For Hillary Kane, place is of essence. Over the years, the map coordinates of home has shifted across countries and continents and delivered a richness in languages and cultures, inspiration and challenges that permeate her creative practice. Originally having studied painting and printmaking (in the States and in France), it was her work with local farmers in a remote village in west Cameroon that triggered her gut-pull to the medium of clay. An immersion at Penland School of Crafts solidified this interest and subsequent experiences from New England to New Mexico initiated and strengthened her passion for wood-firing in particular.
Many moons and adventures later, the tidal pull of the world led her ultimately to settle in Bali, Indonesia where she now continues to focus her creativity in both clay and paint, enjoying the dynamic of two very different mediums and their possible confluence. Wood-fire ceramics has dominated her practice and led her to numerous residencies and conferences globally, as well as to pioneer several wood-firing kilns in Bali.
In 2010 she co-founded Gaya Ceramic Arts Center (Ubud, Bali) and has since been directing its growth: developing an international workshop program and artist residency, hosting as well as instructing, and ever continuing with the making process. Included in that creativity has been the life-changing journey of raising twin daughters. At very present, she lives a bi-hemispheric lifestyle, splitting time between the lush and heady tropical backdrop of her island life and the cyclical seasons of her New England upbringing-- embracing the duality of home in two disparate worlds; searching with her artwork for a fluency between them.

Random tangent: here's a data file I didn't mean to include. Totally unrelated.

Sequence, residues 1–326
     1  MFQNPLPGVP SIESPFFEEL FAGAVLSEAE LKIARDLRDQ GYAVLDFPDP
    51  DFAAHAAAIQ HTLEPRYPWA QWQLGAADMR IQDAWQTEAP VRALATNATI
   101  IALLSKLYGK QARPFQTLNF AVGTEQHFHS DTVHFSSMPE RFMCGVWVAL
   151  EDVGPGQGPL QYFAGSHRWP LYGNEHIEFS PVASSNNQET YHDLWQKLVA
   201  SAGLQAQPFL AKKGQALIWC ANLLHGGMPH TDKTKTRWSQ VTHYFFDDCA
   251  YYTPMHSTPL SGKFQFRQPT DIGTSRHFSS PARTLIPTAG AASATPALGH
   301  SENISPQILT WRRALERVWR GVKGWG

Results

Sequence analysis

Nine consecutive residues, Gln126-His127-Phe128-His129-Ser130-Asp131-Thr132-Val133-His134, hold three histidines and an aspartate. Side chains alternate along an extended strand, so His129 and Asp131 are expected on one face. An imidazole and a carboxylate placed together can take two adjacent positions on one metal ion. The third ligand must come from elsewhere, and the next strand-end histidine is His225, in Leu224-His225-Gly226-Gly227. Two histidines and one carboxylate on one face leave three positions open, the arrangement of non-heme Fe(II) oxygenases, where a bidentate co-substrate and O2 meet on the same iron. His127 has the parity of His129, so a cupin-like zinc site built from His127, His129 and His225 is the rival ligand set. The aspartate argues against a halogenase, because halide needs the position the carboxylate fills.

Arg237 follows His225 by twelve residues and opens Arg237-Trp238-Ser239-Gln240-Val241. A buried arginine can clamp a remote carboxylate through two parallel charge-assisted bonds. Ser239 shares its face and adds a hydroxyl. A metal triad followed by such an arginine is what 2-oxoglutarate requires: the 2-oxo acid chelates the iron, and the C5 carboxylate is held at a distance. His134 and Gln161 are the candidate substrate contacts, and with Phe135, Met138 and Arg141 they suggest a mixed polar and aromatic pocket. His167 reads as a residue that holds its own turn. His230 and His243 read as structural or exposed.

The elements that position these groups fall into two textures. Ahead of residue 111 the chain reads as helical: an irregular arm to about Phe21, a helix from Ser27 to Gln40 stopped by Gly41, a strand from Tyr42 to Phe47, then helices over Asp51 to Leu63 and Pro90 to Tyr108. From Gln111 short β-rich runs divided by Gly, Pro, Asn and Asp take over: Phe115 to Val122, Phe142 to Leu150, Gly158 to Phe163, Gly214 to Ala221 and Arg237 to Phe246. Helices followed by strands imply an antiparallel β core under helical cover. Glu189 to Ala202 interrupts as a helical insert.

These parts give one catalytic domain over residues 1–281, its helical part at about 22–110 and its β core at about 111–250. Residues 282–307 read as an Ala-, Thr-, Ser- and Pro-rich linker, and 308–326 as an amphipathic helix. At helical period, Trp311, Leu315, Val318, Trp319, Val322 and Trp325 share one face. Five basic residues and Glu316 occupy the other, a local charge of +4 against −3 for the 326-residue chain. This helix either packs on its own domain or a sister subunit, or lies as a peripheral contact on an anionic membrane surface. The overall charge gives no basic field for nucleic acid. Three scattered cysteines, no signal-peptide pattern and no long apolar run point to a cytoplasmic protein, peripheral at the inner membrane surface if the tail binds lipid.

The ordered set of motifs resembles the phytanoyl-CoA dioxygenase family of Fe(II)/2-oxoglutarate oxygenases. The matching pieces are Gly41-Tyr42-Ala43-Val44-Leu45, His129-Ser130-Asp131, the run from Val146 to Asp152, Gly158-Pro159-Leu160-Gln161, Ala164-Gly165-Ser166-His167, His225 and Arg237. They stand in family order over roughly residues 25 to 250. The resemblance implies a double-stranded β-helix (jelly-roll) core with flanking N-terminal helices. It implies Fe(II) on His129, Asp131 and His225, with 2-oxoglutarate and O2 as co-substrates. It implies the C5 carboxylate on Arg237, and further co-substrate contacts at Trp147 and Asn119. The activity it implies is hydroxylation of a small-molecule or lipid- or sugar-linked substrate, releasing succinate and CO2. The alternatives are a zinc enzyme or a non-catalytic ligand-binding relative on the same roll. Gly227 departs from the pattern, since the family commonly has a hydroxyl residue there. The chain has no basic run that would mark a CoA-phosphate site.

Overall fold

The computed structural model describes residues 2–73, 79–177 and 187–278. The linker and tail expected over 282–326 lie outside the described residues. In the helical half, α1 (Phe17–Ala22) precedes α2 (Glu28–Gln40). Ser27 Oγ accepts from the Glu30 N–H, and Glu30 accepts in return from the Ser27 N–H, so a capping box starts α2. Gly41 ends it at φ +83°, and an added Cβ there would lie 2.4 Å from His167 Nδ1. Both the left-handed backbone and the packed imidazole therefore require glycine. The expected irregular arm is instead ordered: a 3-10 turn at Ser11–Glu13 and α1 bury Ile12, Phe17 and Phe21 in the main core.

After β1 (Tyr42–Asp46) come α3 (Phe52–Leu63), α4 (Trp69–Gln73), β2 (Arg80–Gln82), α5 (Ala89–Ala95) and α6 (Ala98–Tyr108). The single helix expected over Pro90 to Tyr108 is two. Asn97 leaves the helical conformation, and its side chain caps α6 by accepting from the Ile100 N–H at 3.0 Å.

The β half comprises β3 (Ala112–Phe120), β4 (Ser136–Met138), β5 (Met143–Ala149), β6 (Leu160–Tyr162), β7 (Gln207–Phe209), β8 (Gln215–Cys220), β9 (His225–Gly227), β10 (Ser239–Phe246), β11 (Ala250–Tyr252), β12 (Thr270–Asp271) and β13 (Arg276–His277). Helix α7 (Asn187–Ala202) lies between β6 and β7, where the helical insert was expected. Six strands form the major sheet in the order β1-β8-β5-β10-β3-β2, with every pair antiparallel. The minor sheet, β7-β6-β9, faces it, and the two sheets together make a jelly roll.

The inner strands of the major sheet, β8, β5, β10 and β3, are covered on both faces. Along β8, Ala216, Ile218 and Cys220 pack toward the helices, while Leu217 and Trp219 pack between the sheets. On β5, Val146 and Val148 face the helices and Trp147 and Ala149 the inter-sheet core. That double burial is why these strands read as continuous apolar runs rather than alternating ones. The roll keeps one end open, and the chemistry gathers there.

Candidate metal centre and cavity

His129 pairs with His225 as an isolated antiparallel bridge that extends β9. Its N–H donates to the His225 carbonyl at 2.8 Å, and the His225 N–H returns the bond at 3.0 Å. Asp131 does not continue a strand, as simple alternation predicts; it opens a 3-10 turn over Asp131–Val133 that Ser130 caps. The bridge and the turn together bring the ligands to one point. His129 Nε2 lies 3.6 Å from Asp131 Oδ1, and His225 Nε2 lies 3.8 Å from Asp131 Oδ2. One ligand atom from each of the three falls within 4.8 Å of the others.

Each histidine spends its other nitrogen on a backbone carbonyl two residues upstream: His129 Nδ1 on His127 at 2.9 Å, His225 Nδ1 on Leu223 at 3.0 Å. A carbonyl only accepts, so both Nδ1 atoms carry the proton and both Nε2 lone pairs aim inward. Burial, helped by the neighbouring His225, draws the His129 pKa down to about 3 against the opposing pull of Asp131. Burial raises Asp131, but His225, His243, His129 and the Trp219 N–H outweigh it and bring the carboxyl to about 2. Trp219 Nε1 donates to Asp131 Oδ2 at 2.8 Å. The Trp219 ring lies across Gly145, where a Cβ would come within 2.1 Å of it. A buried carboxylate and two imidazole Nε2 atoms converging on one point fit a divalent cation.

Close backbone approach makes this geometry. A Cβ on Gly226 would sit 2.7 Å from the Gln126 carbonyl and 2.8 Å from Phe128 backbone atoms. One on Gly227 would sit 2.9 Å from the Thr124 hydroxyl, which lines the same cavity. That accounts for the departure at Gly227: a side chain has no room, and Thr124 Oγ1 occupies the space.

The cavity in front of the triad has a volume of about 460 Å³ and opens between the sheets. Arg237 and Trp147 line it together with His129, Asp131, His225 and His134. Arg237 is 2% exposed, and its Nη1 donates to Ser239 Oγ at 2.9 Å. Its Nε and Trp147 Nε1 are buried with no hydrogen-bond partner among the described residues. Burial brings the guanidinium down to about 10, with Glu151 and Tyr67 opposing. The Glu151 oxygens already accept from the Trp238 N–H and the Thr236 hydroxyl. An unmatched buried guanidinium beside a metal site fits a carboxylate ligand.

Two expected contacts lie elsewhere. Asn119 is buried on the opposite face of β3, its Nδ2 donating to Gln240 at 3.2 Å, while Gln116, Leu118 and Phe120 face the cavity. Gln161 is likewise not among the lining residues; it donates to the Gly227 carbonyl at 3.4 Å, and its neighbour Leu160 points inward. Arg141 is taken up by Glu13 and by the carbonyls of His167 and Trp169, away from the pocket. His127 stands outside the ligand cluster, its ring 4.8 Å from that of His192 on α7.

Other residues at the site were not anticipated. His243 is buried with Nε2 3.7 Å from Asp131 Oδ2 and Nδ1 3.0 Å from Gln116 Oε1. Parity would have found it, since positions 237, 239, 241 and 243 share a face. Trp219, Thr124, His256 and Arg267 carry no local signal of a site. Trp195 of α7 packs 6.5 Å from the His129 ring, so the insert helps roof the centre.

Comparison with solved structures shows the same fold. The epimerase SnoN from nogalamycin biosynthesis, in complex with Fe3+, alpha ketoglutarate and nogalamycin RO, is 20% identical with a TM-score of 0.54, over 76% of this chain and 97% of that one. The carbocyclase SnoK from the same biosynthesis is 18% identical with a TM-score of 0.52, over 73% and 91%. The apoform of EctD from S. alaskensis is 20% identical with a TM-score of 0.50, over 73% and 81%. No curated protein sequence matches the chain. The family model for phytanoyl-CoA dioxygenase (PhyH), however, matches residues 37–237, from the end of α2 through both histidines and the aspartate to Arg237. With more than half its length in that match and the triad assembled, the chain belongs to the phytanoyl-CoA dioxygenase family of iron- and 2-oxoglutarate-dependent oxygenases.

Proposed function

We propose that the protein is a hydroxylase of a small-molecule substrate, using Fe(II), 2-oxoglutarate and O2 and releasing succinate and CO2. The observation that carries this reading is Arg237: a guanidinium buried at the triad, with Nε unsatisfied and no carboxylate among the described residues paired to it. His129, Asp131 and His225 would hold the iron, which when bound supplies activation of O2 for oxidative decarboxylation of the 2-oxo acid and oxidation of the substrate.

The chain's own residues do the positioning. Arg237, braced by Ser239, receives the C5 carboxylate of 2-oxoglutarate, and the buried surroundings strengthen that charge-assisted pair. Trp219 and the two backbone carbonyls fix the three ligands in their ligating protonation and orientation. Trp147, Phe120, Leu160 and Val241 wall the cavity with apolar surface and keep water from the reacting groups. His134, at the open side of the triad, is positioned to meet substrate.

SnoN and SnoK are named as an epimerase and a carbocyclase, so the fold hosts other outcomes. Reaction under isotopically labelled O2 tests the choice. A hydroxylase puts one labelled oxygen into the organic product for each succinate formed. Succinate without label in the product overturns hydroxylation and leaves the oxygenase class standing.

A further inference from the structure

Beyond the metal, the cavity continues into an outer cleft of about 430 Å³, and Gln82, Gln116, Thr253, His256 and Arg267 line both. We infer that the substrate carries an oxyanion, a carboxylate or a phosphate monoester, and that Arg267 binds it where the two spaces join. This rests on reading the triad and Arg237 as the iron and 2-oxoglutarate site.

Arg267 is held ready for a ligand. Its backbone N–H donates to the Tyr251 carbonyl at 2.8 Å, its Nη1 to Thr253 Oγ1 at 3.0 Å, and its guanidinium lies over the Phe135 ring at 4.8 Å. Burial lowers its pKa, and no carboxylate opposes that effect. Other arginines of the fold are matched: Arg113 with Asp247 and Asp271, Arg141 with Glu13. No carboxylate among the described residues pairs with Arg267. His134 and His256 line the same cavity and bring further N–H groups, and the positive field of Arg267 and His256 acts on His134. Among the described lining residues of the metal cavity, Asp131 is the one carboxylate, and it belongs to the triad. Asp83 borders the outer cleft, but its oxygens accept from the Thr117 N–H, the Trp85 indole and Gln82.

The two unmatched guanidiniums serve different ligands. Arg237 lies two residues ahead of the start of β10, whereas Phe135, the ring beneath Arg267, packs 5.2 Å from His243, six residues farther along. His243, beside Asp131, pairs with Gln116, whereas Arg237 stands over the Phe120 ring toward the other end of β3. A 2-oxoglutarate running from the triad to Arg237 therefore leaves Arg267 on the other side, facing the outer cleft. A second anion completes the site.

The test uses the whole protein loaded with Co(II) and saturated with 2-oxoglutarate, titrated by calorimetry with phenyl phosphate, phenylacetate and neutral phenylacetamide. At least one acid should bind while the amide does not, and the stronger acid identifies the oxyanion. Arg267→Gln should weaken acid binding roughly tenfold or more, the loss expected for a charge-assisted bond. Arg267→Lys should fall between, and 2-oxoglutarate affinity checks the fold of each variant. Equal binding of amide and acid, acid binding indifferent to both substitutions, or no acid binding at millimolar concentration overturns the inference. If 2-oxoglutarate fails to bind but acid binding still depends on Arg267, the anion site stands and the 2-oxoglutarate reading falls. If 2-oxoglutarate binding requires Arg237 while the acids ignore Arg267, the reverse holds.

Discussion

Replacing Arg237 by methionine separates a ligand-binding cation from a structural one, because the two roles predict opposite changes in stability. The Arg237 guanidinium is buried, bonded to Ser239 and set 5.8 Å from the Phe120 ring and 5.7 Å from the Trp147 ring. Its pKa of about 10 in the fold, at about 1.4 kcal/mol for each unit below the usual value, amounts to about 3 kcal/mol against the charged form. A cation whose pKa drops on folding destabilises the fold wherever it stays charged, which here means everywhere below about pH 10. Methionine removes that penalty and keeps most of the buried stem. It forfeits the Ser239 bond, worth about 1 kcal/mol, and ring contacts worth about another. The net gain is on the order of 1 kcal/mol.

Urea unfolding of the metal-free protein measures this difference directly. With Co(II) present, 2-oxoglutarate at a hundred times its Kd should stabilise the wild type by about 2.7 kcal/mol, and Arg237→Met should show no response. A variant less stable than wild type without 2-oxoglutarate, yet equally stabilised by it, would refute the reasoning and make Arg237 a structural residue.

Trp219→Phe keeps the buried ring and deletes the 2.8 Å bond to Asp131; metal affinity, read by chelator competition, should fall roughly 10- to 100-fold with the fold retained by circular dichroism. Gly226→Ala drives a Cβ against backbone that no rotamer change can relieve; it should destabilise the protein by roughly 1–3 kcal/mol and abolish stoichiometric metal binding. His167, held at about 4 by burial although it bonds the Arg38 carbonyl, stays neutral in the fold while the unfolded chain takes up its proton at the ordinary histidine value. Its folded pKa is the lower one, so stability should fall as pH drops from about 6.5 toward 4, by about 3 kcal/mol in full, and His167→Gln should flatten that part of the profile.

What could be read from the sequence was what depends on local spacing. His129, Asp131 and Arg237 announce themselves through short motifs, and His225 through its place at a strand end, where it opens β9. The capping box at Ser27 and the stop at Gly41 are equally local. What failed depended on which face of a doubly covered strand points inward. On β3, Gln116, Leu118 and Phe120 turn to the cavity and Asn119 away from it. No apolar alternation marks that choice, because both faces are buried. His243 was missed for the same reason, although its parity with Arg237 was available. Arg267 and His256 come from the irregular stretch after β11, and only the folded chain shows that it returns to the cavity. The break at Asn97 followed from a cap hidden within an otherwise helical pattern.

U N E A R T H E D : Relics of Memory
These are excavations—a digging free of thoughts and reflections, fears and prayers and wonder—transmuted by fire into rock-like totems. They are worry-stones befit for a palm, magnified in scale to lend the proper weight to their remembered significance. They are simple forms, curved or torn or pierced, bowl-like studies in heft and balance, ambiguous references to shapes vaguely corporeal. They are a human archaeology.